>> [u]in128_t, [u]int_least128_t, [u]int_fast128_t. They're not guaranteed
>> to be supported, but those names are reserved for that use, and you can
>> check whether or not the corresponding macros in <stdint.h> are
>> #defined; they are not allowed to be #defined unless the corresponding
>> types are supported.
>>

>
> I don't know whether these are necessarily supported by compilers


I do. They aren't. I already said so above.

> ... (but
> if your compiler has them, then use them). Other possibilities are
> __int128 (and unsigned __int12, or "long long int".


A conforming implementation of C90 can support long long only as an
extension. An implementation that conforms to either C99 or C2011, and
supports any 128-bit type (with no padding bits, and if signed, 2's
complement representation), has no excuse for not supporting the
corresponding <stdint.h> types. Therefore, looking for other names is
mainly needed only if you're using a C90 implementation that supports
128-bit types. I'm not sure how common those are - but I'd expect them
to be rare.
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James Kuyper
 
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Ben Bacarisse
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      10-22-2012
James Kuyper <(E-Mail Removed)> writes:

> On 10/22/2012 08:41 AM, David Brown wrote:
>> On 22/10/2012 14:01, James Kuyper wrote:

> ...
>>> [u]in128_t, [u]int_least128_t, [u]int_fast128_t. They're not guaranteed
>>> to be supported, but those names are reserved for that use, and you can
>>> check whether or not the corresponding macros in <stdint.h> are
>>> #defined; they are not allowed to be #defined unless the corresponding
>>> types are supported.
>>>

>>
>> I don't know whether these are necessarily supported by compilers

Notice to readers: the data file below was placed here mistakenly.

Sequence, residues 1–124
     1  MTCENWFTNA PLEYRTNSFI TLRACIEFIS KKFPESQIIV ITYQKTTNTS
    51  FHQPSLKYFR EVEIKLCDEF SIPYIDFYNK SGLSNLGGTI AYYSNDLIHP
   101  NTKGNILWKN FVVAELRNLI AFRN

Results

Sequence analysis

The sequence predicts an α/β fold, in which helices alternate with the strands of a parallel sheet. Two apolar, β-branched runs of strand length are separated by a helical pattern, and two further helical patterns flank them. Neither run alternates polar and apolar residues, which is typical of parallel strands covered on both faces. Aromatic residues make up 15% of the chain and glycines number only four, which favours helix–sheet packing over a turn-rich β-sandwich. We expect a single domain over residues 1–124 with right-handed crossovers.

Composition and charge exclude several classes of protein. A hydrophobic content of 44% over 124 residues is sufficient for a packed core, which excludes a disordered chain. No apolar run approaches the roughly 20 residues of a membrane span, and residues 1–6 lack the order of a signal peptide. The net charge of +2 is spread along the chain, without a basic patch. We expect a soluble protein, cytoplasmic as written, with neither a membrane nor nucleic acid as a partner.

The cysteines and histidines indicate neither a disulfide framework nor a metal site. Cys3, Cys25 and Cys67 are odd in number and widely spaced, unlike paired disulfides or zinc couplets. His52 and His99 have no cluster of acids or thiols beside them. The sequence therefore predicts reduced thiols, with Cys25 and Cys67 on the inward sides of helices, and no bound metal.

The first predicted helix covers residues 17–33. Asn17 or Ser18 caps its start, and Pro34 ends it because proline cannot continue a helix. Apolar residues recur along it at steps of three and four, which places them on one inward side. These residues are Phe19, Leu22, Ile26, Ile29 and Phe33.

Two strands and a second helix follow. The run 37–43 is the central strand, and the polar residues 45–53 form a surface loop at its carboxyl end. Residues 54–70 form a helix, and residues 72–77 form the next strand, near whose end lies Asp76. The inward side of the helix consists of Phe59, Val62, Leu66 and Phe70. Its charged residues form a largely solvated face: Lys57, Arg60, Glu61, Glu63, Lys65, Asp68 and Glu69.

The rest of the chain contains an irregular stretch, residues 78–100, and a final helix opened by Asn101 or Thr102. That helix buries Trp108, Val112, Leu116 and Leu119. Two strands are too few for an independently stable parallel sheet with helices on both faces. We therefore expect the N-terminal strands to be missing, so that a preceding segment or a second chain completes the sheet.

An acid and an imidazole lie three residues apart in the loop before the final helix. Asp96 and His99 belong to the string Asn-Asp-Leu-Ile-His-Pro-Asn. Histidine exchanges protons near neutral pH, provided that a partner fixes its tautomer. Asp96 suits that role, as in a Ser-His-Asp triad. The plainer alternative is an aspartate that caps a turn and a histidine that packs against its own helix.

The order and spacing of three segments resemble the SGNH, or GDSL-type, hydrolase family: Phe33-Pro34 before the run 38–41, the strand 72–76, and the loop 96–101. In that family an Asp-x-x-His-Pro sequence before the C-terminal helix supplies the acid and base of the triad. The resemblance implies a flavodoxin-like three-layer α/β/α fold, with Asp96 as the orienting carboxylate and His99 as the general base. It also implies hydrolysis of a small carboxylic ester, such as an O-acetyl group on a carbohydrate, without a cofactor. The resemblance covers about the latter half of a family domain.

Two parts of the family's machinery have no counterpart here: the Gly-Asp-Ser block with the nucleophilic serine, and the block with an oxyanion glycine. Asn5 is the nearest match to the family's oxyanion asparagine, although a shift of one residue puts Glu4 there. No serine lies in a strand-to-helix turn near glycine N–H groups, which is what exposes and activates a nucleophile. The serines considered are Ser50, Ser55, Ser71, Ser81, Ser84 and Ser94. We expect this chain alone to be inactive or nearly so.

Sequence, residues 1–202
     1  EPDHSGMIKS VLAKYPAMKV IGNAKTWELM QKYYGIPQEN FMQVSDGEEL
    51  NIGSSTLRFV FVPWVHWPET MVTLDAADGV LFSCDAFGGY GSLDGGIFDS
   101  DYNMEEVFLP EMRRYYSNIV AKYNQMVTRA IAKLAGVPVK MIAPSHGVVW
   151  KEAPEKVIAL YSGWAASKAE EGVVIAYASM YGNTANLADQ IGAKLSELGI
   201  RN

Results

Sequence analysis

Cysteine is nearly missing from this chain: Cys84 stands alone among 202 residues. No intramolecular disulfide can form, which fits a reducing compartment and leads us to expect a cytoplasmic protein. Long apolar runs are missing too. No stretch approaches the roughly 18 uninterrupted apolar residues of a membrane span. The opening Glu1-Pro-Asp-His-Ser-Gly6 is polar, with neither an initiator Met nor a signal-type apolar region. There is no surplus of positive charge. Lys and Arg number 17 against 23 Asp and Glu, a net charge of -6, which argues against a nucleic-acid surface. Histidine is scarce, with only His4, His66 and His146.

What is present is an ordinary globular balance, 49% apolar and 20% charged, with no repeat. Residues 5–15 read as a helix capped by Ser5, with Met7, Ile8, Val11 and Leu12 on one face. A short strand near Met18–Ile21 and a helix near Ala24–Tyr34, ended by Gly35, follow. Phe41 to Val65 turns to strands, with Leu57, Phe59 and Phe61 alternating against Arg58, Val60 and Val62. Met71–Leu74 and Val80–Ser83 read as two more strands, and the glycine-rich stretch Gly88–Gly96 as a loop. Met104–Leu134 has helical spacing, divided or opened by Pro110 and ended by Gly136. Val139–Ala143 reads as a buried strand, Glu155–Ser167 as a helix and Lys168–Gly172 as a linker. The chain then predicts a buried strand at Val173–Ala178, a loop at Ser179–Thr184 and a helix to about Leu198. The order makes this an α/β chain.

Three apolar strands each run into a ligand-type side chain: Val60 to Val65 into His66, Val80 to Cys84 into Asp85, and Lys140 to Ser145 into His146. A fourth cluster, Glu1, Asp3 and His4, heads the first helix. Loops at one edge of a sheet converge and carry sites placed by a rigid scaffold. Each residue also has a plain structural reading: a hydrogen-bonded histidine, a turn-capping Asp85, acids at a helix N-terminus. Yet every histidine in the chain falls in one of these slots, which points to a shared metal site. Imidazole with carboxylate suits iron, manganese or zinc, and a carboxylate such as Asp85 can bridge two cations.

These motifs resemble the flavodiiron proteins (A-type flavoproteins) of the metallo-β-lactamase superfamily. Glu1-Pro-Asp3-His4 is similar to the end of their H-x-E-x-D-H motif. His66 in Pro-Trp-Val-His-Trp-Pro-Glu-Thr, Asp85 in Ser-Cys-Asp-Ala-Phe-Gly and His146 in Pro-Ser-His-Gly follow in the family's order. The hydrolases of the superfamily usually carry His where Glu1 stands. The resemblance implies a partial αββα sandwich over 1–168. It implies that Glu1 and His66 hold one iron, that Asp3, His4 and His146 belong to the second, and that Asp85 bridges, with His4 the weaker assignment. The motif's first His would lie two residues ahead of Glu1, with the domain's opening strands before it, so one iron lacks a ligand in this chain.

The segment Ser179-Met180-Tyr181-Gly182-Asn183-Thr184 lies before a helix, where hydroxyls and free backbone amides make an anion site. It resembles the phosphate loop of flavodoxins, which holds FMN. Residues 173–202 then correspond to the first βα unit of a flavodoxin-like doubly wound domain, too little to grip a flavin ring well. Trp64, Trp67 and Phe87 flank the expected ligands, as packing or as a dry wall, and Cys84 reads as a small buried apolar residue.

>
> I do. They aren't. I already said so above.
>
>> ... (but
>> if your compiler has them, then use them). Other possibilities are
>> __int128 (and unsigned __int12, or "long long int".

>
> A conforming implementation of C90 can support long long only as an
> extension. An implementation that conforms to either C99 or C2011, and
> supports any 128-bit type (with no padding bits, and if signed, 2's
> complement representation), has no excuse for not supporting the
> corresponding <stdint.h> types. Therefore, looking for other names is
> mainly needed only if you're using a C90 implementation that supports
> 128-bit types.


You also need to look for them for purely practical reasons. For
example, with my gcc version, there is a 128-bit integer type meeting
all the right conditions but int128_t does not exist in c99 mode. The
reason, I imagine, is that compiler and library development are somewhat
separate in gcc, so it's easier to keep stdint.h (and glibc's printf
family) at some sort of "lowest common denominator" level.

> I'm not sure how common those are - but I'd expect them
> to be rare.


--
Ben.